Prototypes were ordered from Keystone-Loening (then a subsidiary of Curtiss-Wright), Berliner-Joyce and Vought, and designated as the XOK-1, XOJ-1 and XO4U-1 respectively.
The Berliner Joyce design, a conventional biplane of mixed metal and fabric construction with staggered wings and the pilot and observer seated in tandem in open cockpits, first flew in May 1931.
By that time the rival XOK-1 was already destroyed in a crash.
Following trials that lasted into 1932, BuAer awarded Berliner-Joyce a contract.
An order for 18 production aircraft designated OJ-2 was placed in March 1932, and two more orders followed, one in May 1933 for nine aircraft and a further 12 aircraft in December 1933 for use by reserve units.
One OJ-2 modiﬁed in early 1934 with an NACA-type cowling and enclosed cockpits was delivered for trials as the XOJ-3, but after a crash it was rebuilt and returned to service as an OJ-2.
The OJ entered service with VS-5B and VS-6B in 1933 mainly for use on Omaha class light cruisers.
Some OJs were used by reserve units with the first being VN-6R which were based near Washington to train reserve pilots and to enable staff officers to maintain their flying categories.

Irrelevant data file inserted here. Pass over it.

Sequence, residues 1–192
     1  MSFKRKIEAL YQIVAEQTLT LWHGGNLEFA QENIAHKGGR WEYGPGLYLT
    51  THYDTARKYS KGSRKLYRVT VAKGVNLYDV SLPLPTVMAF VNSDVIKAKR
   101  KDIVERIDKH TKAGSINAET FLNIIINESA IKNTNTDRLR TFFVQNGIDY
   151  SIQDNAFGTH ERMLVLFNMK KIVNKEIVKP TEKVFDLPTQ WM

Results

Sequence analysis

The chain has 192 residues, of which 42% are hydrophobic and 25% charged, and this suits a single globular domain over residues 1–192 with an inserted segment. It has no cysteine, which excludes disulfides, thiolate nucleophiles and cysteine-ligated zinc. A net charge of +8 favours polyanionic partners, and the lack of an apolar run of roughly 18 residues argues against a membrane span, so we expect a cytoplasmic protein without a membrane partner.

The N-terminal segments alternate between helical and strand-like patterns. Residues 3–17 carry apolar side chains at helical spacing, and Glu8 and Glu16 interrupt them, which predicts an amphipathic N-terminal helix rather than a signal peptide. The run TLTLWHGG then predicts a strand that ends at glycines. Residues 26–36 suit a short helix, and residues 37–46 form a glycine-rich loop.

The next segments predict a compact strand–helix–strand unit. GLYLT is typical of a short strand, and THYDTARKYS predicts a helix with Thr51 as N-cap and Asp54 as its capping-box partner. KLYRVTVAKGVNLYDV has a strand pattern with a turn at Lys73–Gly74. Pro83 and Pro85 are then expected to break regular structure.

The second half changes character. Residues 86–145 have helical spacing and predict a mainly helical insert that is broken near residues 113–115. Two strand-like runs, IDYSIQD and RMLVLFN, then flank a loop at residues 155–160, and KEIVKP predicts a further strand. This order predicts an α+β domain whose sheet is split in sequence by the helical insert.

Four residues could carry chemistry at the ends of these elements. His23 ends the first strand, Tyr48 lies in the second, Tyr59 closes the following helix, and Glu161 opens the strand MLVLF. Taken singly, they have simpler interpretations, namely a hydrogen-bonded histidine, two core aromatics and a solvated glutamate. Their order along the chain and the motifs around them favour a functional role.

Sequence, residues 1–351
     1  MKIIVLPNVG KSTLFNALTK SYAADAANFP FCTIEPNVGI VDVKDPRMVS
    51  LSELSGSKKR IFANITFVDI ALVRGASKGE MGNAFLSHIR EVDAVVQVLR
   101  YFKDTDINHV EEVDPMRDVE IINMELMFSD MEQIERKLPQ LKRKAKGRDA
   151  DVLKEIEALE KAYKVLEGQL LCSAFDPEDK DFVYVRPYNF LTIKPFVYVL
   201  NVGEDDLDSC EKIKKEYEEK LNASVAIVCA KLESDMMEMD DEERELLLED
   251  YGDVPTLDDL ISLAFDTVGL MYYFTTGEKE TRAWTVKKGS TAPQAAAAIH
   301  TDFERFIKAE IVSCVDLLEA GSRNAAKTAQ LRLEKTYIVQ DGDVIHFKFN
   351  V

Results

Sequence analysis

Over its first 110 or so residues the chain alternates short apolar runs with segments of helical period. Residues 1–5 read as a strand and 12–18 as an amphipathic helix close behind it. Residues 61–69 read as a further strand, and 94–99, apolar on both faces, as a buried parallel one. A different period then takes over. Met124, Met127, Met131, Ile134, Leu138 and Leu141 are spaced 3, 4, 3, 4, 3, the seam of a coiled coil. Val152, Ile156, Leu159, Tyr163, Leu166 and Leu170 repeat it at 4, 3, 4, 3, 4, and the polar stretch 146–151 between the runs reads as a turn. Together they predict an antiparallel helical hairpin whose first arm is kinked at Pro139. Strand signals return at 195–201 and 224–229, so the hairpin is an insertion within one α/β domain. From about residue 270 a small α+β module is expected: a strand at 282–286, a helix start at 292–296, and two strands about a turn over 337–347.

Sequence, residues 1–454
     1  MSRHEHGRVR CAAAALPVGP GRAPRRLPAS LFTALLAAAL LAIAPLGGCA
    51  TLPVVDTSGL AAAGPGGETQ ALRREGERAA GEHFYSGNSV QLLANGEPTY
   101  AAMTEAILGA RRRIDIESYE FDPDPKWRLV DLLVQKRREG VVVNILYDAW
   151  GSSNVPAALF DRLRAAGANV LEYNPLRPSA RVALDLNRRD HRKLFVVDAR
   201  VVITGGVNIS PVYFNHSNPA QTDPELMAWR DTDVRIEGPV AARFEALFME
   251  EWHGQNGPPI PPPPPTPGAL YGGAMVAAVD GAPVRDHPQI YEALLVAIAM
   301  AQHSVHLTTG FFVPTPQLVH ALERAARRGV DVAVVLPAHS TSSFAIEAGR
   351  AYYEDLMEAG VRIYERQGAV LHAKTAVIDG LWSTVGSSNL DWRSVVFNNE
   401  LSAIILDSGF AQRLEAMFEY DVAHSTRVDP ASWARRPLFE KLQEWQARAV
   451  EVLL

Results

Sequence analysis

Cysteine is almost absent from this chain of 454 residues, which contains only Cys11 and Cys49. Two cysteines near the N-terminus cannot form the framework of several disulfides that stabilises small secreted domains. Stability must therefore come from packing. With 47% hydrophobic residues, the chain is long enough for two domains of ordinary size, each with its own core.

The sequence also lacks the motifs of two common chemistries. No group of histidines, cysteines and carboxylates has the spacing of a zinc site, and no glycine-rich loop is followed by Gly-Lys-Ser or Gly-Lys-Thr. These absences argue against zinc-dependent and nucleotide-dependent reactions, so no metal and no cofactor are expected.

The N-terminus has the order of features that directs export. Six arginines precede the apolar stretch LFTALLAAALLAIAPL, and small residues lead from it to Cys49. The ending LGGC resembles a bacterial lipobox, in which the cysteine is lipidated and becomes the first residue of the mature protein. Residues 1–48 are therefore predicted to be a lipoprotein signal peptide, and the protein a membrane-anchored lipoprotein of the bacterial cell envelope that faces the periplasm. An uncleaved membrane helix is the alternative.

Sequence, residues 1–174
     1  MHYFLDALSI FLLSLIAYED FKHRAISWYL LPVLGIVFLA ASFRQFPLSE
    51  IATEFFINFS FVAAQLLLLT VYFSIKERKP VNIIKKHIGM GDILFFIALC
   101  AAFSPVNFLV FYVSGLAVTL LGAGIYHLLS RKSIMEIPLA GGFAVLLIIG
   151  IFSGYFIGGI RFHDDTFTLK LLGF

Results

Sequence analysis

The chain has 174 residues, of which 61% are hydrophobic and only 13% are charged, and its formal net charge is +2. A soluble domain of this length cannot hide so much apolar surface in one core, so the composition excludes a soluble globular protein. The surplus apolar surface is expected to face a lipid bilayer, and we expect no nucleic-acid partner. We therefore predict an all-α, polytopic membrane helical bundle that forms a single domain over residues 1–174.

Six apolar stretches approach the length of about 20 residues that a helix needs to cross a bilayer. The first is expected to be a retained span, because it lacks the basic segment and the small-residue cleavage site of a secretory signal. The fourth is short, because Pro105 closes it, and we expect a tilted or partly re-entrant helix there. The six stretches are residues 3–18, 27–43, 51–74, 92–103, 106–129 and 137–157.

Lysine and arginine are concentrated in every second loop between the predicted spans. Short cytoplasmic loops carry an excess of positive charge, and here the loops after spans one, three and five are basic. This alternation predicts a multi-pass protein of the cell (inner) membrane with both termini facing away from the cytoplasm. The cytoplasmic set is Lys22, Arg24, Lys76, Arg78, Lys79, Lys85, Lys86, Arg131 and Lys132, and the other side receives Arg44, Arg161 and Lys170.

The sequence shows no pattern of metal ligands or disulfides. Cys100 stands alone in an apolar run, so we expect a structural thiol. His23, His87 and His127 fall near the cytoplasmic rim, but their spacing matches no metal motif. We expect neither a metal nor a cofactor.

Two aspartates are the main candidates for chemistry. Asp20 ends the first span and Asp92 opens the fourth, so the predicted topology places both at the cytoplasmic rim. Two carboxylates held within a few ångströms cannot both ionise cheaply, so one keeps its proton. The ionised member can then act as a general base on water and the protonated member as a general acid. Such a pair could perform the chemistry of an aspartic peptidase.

By 1936 all the remaining aircraft were operated by reserve units and at the outbreak of the Second World War 29 aircraft were still in service.
The Navy stopped the overhaul program for the aircraft and by the middle of 1941 all of them had been struck off charge.
Unusually for its generation, only four aircraft were lost in accidents without any loss of life.
25 ft 8 in (7.82 m)
33 ft 8 in (10.26 m)
10 ft 10 in (3.30 m)
284.2 sq ft (26.40 m2)
2,323 lb (1,054 kg)
3,629 lb (1,646 kg)
1 × Wright R-975-88 Wasp Junior radial engine,
400 hp (300 kW)
151 mph (243 km/h, 131 kn)
57 mph (92 km/h, 50 kn)
530 mi (850 km, 460 nmi)
15,300 ft (4,700 m)
Rate of climb
826 ft/min (4.20 m/s),
Climb to 10,000 ft in 12.1 min
1× fixed, forward firing .30 in machine gun,
1× flexibly mounted .30 in machine gun in the rear cockpit